Posts tagged Mr. Trump
Sweet Irony

You will find no harsher critique of Mr. Trump’s indiscriminate use of social media than yours truly. If it were up to me, the president’s phone would have been deactivated a long time ago. Last week’s performance on economics, however, struck at the heart of a story economists and strategists have been circling for a long time. How far will monetary policy divergence be stretched in this cycle? Mr. Trump first suggested that other major economies—Europe and Asia—are unfairly manipulating their interest rates and currencies, before following up with a swing at Fed for making things worse by hiking rates. In short; the White House is suddenly spooked by the risk to the economy from a stronger dollar and higher rates. This is probably a reasonable political worry ahead of the mid-terms, but it is also sweet irony. If Mr. Trump wants to complain to anyone about the vigour of the dollar, he should start with a look in the mirror.  Aggressive tax and short-term inflationary tariffs in an economy with a near record-low unemployment and savings rate could only have one outcome in the end. A more assertive Fed and a stronger dollar always were obvious side-effects of such a policy constellation. 

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Agreeing to disagree about the DXY

One of the more interesting stories in markets last week was the disagreement about whether investors are bullish or bearish on the dollar. On the face of it, this is a silly debate. Clearly, sentiment has become significantly more positive on the dollar in the past three months, lifting the DXY index up by nearly 6% to a nine-month high of just under 95.0 at the start of Q3. On occasion, I nail my colours to the mast and try to come up with short-term ideas in equities and bonds, but I am generally loath to do it in FX markets. Currencies have a tendency to the exact opposite of what macroeconomists predict that they will. Usually, the stronger the conviction of economists, the stronger the countermove. With that warning in mind, I think it’s worthwhile looking at the stories which currently are propelling the dollar. The macroeconomic argument for a stronger dollar is simple. The synchronised global recovery has become de-synchronised since the beginning of the year, and the U.S. economy has emerged head-and- shoulders above the rest. Not only that; Europe and China have slowed while the U.S. economy appears to have gathered strength in the second quarter.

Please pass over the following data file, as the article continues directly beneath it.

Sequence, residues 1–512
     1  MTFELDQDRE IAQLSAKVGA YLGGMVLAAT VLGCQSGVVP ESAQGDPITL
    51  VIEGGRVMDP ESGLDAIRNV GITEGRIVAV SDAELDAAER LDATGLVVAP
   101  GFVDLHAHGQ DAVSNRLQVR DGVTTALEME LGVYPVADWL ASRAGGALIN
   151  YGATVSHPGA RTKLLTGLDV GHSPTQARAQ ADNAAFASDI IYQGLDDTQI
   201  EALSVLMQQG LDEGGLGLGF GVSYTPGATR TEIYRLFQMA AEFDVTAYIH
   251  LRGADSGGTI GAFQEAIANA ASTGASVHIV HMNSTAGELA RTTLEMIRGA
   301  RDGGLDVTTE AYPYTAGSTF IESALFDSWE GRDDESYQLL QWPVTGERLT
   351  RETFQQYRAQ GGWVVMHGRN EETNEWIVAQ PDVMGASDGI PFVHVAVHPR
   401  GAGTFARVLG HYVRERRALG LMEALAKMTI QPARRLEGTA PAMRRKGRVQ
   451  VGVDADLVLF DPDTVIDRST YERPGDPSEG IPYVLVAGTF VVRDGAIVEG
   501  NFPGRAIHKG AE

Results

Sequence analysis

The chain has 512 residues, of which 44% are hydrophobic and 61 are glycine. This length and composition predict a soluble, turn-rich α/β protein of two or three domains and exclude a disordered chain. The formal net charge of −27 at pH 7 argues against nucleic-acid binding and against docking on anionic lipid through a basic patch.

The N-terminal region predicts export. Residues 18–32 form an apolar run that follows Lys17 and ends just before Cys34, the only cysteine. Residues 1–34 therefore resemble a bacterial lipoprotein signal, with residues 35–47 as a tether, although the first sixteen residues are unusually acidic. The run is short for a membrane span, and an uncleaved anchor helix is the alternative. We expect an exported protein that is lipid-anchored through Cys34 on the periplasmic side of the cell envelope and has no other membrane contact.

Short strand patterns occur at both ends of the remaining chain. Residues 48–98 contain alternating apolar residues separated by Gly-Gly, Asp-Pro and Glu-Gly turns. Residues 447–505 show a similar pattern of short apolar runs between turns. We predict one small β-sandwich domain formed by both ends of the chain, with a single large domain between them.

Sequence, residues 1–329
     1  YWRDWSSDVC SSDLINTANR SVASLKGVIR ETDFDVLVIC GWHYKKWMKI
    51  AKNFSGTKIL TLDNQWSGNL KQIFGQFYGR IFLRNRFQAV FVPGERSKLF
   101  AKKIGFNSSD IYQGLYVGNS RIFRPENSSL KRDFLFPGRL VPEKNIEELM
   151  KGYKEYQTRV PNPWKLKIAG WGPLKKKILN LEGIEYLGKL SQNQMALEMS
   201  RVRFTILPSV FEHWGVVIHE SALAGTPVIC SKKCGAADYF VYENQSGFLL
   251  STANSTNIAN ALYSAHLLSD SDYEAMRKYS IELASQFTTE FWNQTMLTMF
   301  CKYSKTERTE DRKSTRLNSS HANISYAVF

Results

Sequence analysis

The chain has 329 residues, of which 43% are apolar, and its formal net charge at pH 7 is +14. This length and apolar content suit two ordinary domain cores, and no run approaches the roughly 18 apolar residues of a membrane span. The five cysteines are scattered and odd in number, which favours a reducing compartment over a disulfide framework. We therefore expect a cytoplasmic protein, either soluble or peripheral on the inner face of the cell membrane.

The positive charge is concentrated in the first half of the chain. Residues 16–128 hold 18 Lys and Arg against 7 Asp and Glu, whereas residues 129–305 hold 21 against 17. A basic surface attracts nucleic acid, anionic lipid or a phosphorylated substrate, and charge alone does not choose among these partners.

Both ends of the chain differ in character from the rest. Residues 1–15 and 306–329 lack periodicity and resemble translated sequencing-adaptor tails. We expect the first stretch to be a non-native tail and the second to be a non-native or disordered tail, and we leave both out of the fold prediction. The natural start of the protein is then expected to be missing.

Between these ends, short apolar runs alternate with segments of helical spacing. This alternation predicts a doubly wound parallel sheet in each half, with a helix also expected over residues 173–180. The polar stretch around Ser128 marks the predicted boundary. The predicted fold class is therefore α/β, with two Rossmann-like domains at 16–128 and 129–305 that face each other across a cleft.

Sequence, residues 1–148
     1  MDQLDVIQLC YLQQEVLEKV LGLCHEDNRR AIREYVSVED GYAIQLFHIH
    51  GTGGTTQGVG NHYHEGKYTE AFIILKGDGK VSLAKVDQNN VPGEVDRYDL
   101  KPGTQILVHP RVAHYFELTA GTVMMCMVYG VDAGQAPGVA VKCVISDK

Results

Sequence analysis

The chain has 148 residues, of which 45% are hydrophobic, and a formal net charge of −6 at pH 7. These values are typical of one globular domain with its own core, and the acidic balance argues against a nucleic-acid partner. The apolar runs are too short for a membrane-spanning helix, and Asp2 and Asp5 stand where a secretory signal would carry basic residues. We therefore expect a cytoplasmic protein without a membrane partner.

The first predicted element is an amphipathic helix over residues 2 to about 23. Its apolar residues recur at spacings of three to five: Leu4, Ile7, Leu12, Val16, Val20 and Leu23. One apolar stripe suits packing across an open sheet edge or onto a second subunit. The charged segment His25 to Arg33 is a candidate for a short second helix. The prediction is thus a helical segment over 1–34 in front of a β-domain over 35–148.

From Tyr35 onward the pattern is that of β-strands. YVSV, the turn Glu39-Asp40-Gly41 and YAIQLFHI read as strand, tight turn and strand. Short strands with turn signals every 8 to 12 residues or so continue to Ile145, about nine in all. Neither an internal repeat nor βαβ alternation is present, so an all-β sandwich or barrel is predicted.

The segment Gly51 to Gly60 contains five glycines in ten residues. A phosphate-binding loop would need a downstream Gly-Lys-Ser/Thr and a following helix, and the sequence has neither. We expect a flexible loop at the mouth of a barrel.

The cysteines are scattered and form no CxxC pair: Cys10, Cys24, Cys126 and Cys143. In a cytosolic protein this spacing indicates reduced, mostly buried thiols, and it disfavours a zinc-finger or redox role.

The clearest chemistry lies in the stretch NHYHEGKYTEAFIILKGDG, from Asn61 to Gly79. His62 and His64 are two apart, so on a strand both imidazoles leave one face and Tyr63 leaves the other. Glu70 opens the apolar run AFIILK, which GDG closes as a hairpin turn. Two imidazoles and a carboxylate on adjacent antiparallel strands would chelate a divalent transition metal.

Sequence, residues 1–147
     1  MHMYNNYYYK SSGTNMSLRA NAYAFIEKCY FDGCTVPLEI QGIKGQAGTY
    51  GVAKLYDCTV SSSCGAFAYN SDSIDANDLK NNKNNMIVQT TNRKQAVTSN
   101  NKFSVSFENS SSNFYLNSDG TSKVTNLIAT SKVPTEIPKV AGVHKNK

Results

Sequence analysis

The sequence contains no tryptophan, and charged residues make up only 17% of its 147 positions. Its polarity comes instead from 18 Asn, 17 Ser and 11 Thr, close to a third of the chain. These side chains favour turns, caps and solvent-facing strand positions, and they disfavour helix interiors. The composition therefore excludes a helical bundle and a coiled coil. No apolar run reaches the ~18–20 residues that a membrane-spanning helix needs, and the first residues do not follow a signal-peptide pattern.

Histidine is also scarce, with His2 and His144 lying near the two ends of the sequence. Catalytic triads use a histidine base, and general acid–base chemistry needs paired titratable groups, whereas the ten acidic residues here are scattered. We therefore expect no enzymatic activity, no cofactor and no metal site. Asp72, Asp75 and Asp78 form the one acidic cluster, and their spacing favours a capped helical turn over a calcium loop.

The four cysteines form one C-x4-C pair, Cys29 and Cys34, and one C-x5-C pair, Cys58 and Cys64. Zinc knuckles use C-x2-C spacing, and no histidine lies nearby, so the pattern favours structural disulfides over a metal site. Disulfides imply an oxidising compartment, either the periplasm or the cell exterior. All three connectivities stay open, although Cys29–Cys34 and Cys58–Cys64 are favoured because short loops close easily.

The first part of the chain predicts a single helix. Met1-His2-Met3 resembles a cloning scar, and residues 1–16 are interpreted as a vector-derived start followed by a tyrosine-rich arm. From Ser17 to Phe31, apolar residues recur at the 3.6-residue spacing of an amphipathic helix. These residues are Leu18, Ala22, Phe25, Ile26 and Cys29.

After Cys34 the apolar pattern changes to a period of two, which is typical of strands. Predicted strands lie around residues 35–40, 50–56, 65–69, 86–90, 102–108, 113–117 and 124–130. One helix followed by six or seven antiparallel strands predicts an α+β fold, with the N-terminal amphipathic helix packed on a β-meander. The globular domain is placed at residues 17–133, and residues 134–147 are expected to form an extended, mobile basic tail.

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#Tradewars

Markets were mulling familiar themes last week. Will a wider U.S. twin deficit change the rules for the dollar and treasuries and is elevated volatility here to stay in equities? Judging by last week, the answer would be: probably and yes. The contemplation over these stories, though, were interrupted by politics. Mr. Trump announced his intention to apply tariffs on steel and aluminium—25% and 10% respectively—and Mrs. May attempted to give clarity on the U.K. government’s Brexit position.* I was unimpressed with both. Before I have a dig at Mr. Trump, I ought to provide an example of someone who supports it. I have great respect for Stephen Jen, but his argument here is like endorsing the idea of a diet by advising someone to eat nothing but kale and carrots for a decade. The analysis of Mr. Trump’s tariffs requires a distinction between the principle and the concrete measures. I concede that China is bending the rules of global trade, but Mr. Trump is stretching the fabrics of macroeconomic policy if he starts imposing tariffs on industrial goods. He is presiding over an economy close to full employment, a low domestic savings rate, and a medium-sized twin deficit. To boot, he is about to let fly with unprecedented fiscal stimulus.

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